I started smoking again around my birthday... last year. I kept it quiet, but I never really discussed my smoking with anyone, so keeping it quiet was easy. My new smoking regime was simple, 4 or 5 fags a day, to stave off the boredom of my then impending unemployment - a really sensible time to consider doing something that eats a huge hole into one's finances, you'll probably agree.
I was buying a small pouch of tobacco and it was lasting me best part of a week. When I smoked in the house, it was by open windows with the wind behind me or by the fireplace where there's a good draw from the flue. During the summer it was easy, I'd just sit on the patio or on mild or warm nights, sit on the back step. I was feeling confident that I'd managed to deceive the wife.
However, I started to make mistakes. I'd leave a dog end on the hearth, or I'd hide it among the ashes in the grate; and I figured that storing the other dog ends in my office bin, saturated with Hugo Boss and out of the way of prying eyes would suffice. Some of the mistakes were even simpler than that - leaving strands of tobacco lying on my desk; noticing, but not doing anything about the growing detritus on my window sill and the fact that the longetr I continued to smoke the more I just wanted her to find out.
Then back in November, when I started my new job, I started having a smoke at break - me and my assistant would leave the school grounds smoke one of her cheap fags as quick as we could and return to school eating Polos and spraying (herself) with half a canister of perfume. After a couple of weeks of this my chest began to get tight. I haven't actually smoked tailor-made cigs this century, the main reason being that they fuck up my lungs (more than just smoking in general). So I knocked the break time fag on the head and it was then that I realised, truly realised, that if my wife had not realised I was smoking by now then she must be dead. My assistant would come back from her break and despite her precautions, she smelled like an old tramp. I did less to cover my smoking up, so therefore must have smelled like an old ashtray whenever I got into bed at night.
But I persevered. I said to my mate Tony, who was convinced she knew long before I was, that I think she was overlooking it for a couple of reasons - I'd lost 3 stone; was not the most miserable bastard on the face of the planet and I was, at least, trying to hide it from her and doing more, ironically, around the house and garden.
It's the wife's birthday on Sunday and last night we were treated to our customary visit from her mother (an ex-smoker), who apropos of nothing (although both me and the wife have coughs) if I was still not smoking and I looked over at my wife who was sitting there with what looked like a smug smile on her face. "No." I said, as ambiguously as I could and the remainder of the conversation just highlighted what a complete and utter twat I am...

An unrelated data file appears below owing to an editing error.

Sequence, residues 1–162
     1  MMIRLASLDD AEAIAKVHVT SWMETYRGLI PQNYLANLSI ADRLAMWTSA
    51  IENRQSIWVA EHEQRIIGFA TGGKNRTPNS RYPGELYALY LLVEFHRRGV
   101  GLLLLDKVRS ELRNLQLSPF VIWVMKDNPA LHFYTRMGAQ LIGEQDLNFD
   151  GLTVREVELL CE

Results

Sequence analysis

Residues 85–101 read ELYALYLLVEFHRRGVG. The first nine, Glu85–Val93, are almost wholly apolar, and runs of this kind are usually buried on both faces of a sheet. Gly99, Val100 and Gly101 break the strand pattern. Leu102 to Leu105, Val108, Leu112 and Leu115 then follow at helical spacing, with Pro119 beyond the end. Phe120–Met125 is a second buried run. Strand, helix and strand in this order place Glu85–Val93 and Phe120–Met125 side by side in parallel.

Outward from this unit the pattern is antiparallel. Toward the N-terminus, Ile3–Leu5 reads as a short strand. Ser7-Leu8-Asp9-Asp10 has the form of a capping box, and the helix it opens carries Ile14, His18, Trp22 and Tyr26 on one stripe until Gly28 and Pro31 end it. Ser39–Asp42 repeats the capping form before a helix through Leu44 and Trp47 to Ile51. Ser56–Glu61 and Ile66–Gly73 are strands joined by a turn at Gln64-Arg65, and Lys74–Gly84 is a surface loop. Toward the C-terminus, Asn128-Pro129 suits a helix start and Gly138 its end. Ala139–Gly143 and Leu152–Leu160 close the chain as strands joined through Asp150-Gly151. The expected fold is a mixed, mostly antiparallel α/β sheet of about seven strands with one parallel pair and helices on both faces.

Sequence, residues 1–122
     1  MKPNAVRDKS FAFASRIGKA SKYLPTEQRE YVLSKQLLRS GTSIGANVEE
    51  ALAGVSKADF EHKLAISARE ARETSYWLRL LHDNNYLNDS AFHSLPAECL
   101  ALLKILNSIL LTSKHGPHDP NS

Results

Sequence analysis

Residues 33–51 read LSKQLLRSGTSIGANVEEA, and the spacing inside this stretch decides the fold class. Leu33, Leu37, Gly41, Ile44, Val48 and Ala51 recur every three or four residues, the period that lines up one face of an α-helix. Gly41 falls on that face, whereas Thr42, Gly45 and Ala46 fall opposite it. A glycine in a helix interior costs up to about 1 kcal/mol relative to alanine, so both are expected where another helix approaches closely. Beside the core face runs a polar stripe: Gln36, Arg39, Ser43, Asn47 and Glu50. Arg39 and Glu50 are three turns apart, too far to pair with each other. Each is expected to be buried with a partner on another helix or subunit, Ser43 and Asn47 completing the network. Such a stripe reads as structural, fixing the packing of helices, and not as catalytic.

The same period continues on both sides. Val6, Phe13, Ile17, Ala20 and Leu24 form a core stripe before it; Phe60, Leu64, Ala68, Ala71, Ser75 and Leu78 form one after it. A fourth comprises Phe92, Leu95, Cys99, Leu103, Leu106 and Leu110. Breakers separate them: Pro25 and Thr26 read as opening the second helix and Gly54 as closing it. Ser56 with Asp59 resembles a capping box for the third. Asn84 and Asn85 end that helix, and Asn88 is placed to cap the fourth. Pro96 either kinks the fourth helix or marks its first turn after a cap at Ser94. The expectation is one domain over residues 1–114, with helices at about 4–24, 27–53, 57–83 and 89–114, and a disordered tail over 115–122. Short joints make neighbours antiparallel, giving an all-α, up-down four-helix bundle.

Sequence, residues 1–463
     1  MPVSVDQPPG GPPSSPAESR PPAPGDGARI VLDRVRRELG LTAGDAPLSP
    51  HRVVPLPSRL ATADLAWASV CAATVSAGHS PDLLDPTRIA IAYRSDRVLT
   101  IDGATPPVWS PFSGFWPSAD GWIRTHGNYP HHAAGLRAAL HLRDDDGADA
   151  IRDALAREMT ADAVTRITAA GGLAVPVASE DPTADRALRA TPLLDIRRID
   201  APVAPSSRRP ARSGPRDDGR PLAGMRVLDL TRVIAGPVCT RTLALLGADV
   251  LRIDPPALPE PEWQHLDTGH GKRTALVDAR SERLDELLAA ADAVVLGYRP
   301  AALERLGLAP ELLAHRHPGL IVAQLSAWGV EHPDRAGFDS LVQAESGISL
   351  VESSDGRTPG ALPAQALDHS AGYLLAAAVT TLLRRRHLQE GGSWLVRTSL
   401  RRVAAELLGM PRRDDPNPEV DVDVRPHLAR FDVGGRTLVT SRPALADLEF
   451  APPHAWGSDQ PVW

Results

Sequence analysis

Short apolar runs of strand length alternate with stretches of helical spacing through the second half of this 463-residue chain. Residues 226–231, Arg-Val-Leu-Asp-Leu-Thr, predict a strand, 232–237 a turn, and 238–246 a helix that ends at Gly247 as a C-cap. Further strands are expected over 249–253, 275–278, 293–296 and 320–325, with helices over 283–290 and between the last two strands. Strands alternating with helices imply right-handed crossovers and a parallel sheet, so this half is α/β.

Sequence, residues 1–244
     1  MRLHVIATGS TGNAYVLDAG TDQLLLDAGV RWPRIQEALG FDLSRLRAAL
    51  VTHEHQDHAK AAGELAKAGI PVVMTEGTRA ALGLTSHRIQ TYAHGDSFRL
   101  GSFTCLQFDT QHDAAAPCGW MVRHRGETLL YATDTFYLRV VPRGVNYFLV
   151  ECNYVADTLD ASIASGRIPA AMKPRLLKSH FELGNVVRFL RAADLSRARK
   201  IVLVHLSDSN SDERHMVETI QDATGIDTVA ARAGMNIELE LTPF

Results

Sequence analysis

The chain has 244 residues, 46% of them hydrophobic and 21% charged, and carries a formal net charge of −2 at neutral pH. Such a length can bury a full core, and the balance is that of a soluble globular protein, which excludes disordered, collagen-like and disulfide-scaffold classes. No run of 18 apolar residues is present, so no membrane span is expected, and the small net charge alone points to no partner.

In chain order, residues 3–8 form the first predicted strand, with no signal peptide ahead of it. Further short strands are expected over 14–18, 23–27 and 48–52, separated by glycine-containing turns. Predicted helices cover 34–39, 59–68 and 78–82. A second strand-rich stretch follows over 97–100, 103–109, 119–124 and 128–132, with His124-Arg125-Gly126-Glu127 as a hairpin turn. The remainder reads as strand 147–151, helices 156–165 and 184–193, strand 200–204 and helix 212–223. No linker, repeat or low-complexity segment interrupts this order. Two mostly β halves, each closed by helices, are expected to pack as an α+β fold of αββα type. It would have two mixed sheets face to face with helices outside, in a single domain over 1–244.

The most telling thing was that she knew almost from the moment I started. The second most telling thing was that whenever I was out in the garden at night smoking, the smoke would waft into our bedroom or bathroom window and she, being a non-smoker, can smell random cigarette smoke from about a mile away. I sat there and heard how she was completely aware of every trick I'd tried and felt stupid.
Many years ago, because I have actually tried to stop smoking more times than I've eaten exotic food, my then GP told me that I was probably in the worst 5% of people who want to stop smoking but can't. It's a statistic that people who smoke 20+ cigs a day are twice as likely to stop permanently than people who smoke under 20 and they were four times as likely to stop than people who smoke less than 10. In my pot smoking days, I'd smoke about 6 a day and I treated it like a treat, a reward or a way of unwinding; like a small scotch or a big glass of red wine; but the sad fact is once you're hooked on nicotine and it has had the chance to rewire your brain - cos that's what it does - stopping it is tougher than shagging a rotting corpse. The intervening years have seen me stop smoking for 18 months, 7 months and a host of under 6 months attempts. I have actually tried to stop smoking 14 times since my mother died - of a smoking related illness and just like my wonderful mum, I'm rubbish at stopping, but a world beater at stopping stopping.
I'm pretty sure that the now public info hasn't changed her opinion and I know that it hurts her a lot to see me with bad coughs and resignation that I won't be spending my old age with her; like my mother, I'm growing resigned to having a horrible death caused by something I loathe but love in equal measure. My only options left are - seeing a hypnotist or having a heart attack; I'm pretty sure being handed a death sentence in person by a cardio-vascular specialist will kick my sense of self-preservation into overdrive.
I am, it should be emphasised, a complete and utter twat.